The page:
As I suggest in my book, organised criminality may in fact pose special types of problems as regards policing and prosecution. So, any liberal state seeking to address such serious criminality must contend with the ineluctable tension, in Packer’s terms, between crime control and individual due process protections. Indeed, too often a false dichotomy is set up, whereby security is seen as distinct from liberty, and as not encompassing individual rights also. In other words, the security of the citizen is viewed as comprising safety from criminality only, rather than also encompassing protections from the state and its institutions. Overall, the protections in the criminal justice system are seen as compromising effective crime control, rather than as critical aspects of a liberal justice system that is predicated on the presumption of innocence and limited stated interference. Moreover, the situation is often presented as a zero-sum game, where measures protecting suspects denigrate victims and the ‘law abiding’ community; conversely, abrogation of such protections often are seen as benign developments.

 

In Ireland, as has occurred elsewhere, various flurries of legislative action prompted by concern about organised crime have made changes to all stages of the criminal process, from investigation to sentencing. In addition, some broadly framed counter-terrorism measures are used in the context of organised criminality, or provide a prototype that is emulated in subsequent laws. Many of these measures are controversial in a rights sense, others are questionable in terms of their effectiveness while other are implemented inconsistently.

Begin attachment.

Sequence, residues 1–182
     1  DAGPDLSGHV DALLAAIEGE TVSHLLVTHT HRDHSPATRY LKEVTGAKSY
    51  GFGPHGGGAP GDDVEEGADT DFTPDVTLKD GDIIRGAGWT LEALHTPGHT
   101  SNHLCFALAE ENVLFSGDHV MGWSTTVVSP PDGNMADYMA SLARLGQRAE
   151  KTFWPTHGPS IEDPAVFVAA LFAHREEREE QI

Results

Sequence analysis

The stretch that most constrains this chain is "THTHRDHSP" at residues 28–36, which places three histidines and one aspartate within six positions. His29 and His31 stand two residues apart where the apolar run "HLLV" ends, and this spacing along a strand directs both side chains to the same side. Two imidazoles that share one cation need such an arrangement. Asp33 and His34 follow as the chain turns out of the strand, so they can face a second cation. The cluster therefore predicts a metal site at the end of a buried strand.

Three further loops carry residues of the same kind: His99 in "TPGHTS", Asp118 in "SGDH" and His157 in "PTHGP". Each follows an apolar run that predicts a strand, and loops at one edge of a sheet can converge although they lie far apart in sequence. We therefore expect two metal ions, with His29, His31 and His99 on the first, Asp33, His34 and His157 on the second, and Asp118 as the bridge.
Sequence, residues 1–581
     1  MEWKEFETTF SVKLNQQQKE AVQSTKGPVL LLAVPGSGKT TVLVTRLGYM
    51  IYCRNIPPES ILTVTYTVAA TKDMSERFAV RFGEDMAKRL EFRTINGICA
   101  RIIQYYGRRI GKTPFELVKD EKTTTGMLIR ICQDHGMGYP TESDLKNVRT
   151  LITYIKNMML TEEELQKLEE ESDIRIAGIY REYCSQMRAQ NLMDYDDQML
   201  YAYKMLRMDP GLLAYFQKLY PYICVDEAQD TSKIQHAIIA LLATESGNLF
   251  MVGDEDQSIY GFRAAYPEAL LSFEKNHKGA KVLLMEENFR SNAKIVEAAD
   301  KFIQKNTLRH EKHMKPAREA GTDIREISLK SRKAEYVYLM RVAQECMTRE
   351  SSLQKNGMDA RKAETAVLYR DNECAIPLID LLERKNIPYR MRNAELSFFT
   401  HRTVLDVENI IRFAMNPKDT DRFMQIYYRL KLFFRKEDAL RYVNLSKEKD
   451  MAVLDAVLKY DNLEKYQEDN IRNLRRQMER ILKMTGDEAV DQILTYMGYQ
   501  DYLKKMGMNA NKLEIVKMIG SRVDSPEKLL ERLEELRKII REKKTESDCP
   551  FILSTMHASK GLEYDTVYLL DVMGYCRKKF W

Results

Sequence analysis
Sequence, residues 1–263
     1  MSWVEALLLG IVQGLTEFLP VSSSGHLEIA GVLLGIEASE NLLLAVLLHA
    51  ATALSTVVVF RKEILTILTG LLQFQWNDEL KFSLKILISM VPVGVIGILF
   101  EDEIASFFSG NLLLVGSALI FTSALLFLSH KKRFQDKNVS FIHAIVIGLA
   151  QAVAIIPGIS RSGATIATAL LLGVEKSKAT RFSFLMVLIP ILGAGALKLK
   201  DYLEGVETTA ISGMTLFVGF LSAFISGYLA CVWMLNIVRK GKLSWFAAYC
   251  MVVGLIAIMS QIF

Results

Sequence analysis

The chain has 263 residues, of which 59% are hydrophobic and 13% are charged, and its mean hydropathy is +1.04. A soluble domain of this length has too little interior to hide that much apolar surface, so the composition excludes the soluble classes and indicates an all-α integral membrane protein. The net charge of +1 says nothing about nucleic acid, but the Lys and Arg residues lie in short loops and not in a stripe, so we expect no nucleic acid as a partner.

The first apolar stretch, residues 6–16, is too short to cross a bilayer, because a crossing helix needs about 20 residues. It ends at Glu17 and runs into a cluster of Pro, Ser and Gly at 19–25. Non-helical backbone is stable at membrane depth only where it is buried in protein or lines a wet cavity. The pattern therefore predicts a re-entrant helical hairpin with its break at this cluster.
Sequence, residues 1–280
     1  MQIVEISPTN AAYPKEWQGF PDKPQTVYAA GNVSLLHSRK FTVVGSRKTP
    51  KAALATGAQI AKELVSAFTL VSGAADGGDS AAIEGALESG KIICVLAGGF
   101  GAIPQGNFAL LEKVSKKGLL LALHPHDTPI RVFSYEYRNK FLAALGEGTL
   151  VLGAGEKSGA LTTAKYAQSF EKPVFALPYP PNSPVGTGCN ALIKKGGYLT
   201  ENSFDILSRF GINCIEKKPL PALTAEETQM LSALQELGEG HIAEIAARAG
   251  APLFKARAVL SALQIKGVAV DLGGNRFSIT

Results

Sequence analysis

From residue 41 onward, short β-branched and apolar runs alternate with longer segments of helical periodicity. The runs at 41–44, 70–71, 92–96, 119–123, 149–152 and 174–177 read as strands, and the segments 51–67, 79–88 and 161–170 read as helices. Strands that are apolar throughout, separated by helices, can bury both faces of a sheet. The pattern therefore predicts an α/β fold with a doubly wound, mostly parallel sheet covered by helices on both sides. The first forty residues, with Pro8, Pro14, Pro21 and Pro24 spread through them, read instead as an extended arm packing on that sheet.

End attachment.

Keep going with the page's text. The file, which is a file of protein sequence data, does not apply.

For example, the possibility of juror intimidation means that organised crime cases sometimes involve judge-only trials in the Special Criminal Court. Though this scheme has an equivalent in the UK (except in Scotland), the legislation is drawn and interpreted more tightly. In Ireland, the Director of Public Prosecutions (DPP) may order such a trial under the Offences against the State Act 1939 if she believes the ordinary courts are inadequate for the administration of justice and the preservation of public order. There is no appeal against this, as long as the DPP’s decision is made in good faith. In addition, certain organised crimes, such as directing a criminal organisation, now lead automatically to juryless trials under the Criminal Justice (Amendment) Act 2009. Though protecting jurors from potential harm of course is understandable, this is problematic in terms of the right to equality, as was emphasised by the UN Human Rights Committee. Moreover, there is no empirical evidence on the extent of juror intimidation, nor has there any appraisal of alternatives to jury abolition, such as through the use of anonymised juries, or the use of CCTV.